Our guide will help you and your employees understand the mechanics behind a scissor lift and the different types. The guide to understanding how scissor lifts work explores how each part functions and concludes with how your workers can learn how to operate one safely.
The Parts of a Scissor Lift
As a soon-to-be certified forklift operator, it’s essential to understand the mechanics behind scissor lifts parts. The scissor lift breaks down into several components. We are going to cover the following components in this article: the platform, scissor arms, cylinder(s), the base, and the power source. The scissor lift helps workers move vertically and to different locations, and operators use the lift in industries such as entertainment, manufacturing, retail, and construction.
The platform, also called a lift table, is where workers transport themselves through each level of their work. The platform can come in many sizes.
Similar to the platform, the base can vary in size. It’s made of rigid metal and is the foundation of the scissor lift. The bottom houses many of the mechanics that move the lift up and down. It also contains the drivetrain that moves workers and supplies to the location where professionals are going to perform the work.
The Scissor Arms
The scissor arms extend from the base to the platform, and as they rise, the arms constrict. When the legs lower themselves, they expand. There are two scissor arm design types: pantograph and crisscross pattern.
The cylinders of a scissor lift are its most important tool. They house the fluid which is necessary for the lift to move up and down to transport employees and supplies to multiple floor levels. If a scissor lift doesn’t have hydraulic fluid, it won’t function.
The Power Source
The scissor lift has a wide range of power sources. Some models need a self-contained battery-operated motor, while others might operate via an internal combustion engine. A scissor lift can be powered in many different ways, which we’ll review later.
The Down Valve
The down valve helps control the amount of fluid going into a scissor lift. It also gives a user the ability to control how much fluid they use. The down valve is an excellent part of the overall functioning of the lift; when used, it won’t descend as fast. It should be noted that lowering a scissor lift is much faster than raising a scissor lift. However, nervous workers won’t need to worry about scissor lifts automatically lowering too quickly.
The Flow Control Valve
The flow control valve manages how much hydraulic fluid gets used. In this way, it’s similar to the down valve. Therefore, it controls the upward movement speed of a scissor lift as it travels.
How To Work a Scissor Lift
The power source used when operating a scissor lift determines how it works. However, all scissor lifts move the same way. They seem simple at first glance, but it takes time and patience to learn how to operate one. When you’re in scissor lift training, you’ll learn about the factors below.
- When the lifting of the platform is desired, the cylinders fill with hydraulic fluid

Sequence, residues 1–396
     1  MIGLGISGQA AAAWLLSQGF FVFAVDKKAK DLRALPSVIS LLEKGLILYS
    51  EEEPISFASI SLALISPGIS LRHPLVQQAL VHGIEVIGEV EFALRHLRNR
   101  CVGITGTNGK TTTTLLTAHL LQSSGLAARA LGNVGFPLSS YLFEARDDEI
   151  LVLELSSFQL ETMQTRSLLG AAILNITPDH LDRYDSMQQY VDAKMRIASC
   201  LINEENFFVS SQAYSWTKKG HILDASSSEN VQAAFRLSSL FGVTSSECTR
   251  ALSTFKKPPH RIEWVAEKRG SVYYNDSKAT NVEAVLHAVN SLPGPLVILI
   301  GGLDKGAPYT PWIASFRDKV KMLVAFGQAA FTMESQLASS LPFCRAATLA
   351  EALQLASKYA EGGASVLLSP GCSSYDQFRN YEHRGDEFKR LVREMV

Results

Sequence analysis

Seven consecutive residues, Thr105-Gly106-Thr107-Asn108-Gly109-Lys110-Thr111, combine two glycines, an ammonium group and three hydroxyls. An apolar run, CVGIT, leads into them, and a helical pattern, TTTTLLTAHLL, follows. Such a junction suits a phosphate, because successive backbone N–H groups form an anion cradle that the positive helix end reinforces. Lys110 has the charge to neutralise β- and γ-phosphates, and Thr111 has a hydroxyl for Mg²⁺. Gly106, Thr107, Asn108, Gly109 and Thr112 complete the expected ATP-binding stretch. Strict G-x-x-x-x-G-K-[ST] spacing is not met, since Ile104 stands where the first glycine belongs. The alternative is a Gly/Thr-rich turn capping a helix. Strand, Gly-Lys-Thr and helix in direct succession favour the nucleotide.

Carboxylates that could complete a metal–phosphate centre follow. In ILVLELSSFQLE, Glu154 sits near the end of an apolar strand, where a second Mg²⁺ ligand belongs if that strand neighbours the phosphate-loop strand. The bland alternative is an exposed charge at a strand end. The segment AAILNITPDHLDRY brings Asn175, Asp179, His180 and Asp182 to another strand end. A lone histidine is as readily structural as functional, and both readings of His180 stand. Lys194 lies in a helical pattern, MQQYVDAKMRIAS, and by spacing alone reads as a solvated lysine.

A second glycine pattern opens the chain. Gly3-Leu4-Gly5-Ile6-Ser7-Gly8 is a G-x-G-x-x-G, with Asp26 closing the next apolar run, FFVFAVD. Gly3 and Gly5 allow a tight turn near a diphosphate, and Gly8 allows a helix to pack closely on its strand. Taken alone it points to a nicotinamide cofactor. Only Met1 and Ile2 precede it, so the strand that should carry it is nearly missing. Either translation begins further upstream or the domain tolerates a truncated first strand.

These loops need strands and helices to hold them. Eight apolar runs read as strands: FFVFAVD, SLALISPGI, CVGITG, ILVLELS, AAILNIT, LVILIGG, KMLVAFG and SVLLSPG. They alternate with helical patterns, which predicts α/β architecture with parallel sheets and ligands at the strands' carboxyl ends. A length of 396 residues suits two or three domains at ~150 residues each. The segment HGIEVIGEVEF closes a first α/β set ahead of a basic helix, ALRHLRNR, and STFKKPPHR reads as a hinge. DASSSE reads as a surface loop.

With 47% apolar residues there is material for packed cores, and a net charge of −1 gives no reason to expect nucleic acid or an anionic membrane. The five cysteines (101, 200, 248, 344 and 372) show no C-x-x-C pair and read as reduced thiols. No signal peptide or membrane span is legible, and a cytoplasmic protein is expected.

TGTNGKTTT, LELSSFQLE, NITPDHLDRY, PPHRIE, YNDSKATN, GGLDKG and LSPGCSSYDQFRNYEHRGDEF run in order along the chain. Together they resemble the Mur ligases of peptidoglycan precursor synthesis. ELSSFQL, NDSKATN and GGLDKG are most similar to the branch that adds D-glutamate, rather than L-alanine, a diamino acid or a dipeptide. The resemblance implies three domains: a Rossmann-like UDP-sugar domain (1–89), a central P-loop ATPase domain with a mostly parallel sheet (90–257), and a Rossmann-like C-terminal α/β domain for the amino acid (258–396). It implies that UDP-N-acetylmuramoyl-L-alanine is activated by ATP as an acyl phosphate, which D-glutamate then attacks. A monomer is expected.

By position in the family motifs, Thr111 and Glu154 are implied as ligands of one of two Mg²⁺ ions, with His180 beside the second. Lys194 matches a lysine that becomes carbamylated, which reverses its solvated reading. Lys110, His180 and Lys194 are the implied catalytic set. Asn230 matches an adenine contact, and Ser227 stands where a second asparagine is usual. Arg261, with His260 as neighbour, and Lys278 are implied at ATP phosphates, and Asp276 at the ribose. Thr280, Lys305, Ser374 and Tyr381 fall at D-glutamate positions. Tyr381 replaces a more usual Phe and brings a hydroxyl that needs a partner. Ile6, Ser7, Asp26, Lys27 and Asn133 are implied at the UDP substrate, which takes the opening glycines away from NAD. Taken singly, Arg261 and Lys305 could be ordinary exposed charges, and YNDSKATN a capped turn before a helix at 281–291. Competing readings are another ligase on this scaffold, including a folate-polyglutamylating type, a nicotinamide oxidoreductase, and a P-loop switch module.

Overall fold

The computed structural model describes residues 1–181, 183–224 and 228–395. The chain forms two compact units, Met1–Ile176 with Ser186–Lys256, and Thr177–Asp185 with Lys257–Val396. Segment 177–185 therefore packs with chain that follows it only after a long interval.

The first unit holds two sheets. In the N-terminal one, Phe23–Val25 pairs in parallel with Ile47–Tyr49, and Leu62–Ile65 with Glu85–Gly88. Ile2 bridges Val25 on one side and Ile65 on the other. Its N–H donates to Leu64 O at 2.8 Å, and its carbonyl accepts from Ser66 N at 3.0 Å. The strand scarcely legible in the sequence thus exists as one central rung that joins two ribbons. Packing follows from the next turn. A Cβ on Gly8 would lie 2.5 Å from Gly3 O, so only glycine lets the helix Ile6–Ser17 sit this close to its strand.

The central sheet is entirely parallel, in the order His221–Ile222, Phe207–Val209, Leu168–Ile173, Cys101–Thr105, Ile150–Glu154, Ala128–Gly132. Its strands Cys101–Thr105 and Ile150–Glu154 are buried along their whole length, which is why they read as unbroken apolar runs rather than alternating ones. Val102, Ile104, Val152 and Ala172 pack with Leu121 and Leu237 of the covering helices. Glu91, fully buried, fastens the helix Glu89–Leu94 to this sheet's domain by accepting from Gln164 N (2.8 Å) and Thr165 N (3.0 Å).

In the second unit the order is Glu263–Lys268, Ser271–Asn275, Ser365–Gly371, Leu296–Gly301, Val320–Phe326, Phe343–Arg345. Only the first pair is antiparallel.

- When filled, the piston is pushed through the hydraulic cylinder from one end to the other end.
- Once the cylinder pushes out, the scissor arms start to separate, and then the platform is raised.
When an operator works with a lift, they can lower it by removing pressure or fluid out of the hydraulic cylinder, thus reversing the process written above. The capacity and speed of the lift are determined by the size of the hydraulic cylinders. For example, if your workers are handling heavy material, using a more substantial scissor lift will be the better option. Some scissor lifts don’t have enough built-in power to pump enough liquid to push the cylinders out.
How To Power Scissor Lifts
Scissor lifts come in many forms, and the speed of each varies depending on its power source. Below is a summary of extremely common scissor lifts and how they operate on different power types.
Diesel lifts are powered by a diesel engine. This type of lift has better weight management and comes with a vast platform. However, it’s best to use diesel lifts outdoors since the ventilation is better than indoors, and noise pollution is condensed.
The electric lift powered by batteries is quiet and powerful. Workers can keep the lift in small areas without disrupting activities around them. Since electric batteries don’t emit toxic fumes, they’re also an excellent option for sustainability and perfect for tight spaces in a warehouse.
How To Keep Operators Safe on Scissor Lifts
Operating a lift at an elevated level is an immediate safety risk for operators. When they’re up high, all operators must stay vigilant and follow their training and safety guidelines administered by their employer.
Before an operator gets into a scissor lift, they need to perform a pre-operation inspection. This visual inspection needs to be performed by the operator prior to each work shift. The pre-op inspection includes ensuring items are in working order. Some items to look at include the overall condition of the scissor lift and the emergency stop button functions. Also, workers need to practice safety, such as making sure there are no hazards around.
If you’re looking to help your workers gain a better understanding of scissor lifts, look no further than First Quality Forklift Training. We have the essentials needed for MEWP operator training for you and your workers. Start learning about scissor lifts and other equipment by looking at the vast array of training kits made to help improve the skillsets of your forklift operators